Scout camp offers a unique blend of history and adventure

For 90 years, Theodore Naish Scout Reservation has served Boy Scouts and other campers alike through a mutual respect of the outdoors

May 21, 2016

Fun, friendship and adventure are just a few words to describe Theodore Naish Scout Reservation, a Boy Scout summer camp proud in its history and eager to grow with the next generation of Boy Scouts.

Camp Naish will celebrate its 90th anniversary this year, accommodating over 7,000 scouts and staff members each year. The property, in association with the Heart of America Council and YMCA of Kansas City, serves numerous functions including camps for Cub Scouts, Boy Scouts and Venture Scouts, training for police and emergency services and other weekly camps.

Reservation director Scott Weaver, a former soldier, first came to Camp Naish because of his love of the outdoors and the opportunity to impact younger generations.

“There’s nothing better than being outdoors and in nature, and learning to respect its beauty and power on a sunny morning or stormy afternoon,” Weaver said via email. “I continue serving by trying to make a difference: helping young people become capable, productive citizens who make their communities better places to live and work.”

Junior Eric Tibbetts — who started as a scout himself, then began working at Camp Naish on the aquatics staff — finds the new opportunities at the camp are one of the most intriguing parts of working there.

“When I go into camp [each year] … I go in with an open mind and I don’t know what I’m expecting,” Tibbetts said. “But I do know that when I come out of it, it’s a good thing for me. I make a lot of friends, have a lot of fun experiences and just [enjoy] being around other Boy Scouts.”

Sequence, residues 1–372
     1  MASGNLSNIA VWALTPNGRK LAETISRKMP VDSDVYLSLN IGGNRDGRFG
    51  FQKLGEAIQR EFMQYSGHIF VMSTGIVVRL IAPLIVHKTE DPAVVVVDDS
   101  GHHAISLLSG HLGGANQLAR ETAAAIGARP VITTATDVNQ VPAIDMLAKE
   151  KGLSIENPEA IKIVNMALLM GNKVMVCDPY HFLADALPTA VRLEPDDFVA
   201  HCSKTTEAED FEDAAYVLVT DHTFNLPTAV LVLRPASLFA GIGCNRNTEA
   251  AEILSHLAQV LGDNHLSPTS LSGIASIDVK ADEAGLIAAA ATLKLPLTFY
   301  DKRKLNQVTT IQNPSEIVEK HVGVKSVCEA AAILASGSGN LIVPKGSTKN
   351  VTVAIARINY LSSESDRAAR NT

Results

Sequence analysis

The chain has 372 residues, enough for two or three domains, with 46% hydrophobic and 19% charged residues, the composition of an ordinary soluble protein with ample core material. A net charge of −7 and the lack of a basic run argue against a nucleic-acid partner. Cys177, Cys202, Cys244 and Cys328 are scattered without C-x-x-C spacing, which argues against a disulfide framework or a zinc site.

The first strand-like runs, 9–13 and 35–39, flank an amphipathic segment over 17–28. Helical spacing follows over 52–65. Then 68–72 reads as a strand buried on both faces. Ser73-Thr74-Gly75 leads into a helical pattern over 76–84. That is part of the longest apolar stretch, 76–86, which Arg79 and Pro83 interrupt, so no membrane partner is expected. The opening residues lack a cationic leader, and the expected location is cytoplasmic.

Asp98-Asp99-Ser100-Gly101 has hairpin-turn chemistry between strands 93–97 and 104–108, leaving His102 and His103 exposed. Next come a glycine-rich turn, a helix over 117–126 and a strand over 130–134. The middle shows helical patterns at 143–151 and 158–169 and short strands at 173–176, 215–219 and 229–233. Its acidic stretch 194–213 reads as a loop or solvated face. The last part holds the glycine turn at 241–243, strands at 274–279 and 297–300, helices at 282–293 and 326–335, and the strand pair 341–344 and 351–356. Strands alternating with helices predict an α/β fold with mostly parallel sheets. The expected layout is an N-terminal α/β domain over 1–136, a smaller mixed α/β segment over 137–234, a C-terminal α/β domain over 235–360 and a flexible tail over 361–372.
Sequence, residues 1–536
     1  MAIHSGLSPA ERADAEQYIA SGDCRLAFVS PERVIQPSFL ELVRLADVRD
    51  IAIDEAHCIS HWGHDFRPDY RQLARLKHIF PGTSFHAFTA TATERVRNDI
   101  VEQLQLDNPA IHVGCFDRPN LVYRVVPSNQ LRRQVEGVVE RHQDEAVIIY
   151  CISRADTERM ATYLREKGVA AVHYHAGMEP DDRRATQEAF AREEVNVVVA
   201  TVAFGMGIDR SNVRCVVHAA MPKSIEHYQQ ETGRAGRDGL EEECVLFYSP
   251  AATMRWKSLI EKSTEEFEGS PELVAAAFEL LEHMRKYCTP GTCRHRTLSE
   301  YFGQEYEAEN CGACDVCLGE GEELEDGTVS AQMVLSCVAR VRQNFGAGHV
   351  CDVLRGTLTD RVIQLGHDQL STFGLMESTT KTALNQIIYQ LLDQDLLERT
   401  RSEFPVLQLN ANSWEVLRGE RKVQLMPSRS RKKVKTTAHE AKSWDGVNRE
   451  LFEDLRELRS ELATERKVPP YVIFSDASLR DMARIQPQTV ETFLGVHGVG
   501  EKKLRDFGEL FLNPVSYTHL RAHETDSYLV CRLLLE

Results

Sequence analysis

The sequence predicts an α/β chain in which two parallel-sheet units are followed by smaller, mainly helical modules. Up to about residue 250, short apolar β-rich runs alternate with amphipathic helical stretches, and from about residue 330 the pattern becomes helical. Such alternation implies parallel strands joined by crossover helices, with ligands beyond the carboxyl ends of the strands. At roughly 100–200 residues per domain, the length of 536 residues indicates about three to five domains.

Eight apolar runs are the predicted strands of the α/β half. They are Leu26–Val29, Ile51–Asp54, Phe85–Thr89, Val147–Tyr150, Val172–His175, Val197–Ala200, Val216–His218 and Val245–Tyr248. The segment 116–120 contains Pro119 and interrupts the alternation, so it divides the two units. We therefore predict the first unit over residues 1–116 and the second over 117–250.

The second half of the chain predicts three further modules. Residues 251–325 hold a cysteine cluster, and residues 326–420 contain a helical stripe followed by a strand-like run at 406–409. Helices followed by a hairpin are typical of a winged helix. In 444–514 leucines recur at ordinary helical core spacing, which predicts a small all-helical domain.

Another notable aspect of Camp Naish is the history associated with it, mainly its involvement with the sinking of the Lusitania during World War I in 1915. Theodore Naish died on the ship, but his wife Belle survived and wanted to honor the death of her husband. She went on to buy the camp’s land and donate the property to the Boy Scouts, as her husband valued the outdoors and exploring. After an agreement was reached, in 1926 the first camp at Camp Naish took place.

That history helps Weaver to gain a greater appreciation for the camp and its ties to the past.

“We are connected to those events of 1914-1918 by all that was born out of it,” Weaver said. “The threads from past to now, and from now to the future, can bend and twist, but they never break. Who and how we are, what our lives are and will be like, are connected to the past.”

Along with the history and his past experiences, Tibbetts values his co-workers and their common goal of impacting the campers.

“The staffers at Camp Naish, they interact with themselves and have a good relationship with each other,” Tibbetts said. “But they also contribute and have relationships with the campers as well, so they have that interaction. I think it’s good for the campers to know that the staffers are there just for them.”

Above all, Weaver looks to uphold the values of Boy Scouting each year at  camp and instills these values into each camper when they come to Camp Naish.

“There’s something special about a Boy Scout camp, or any other place where those who populate it are making the effort to live by a code: A set of ideas that inspire them to be better today than they were yesterday, and to be better still tomorrow,” Weaver said. “Able to do more, be more brave, and accomplish more than they might if they didn’t discover the joy of striving and succeeding in achieving difficult things.”

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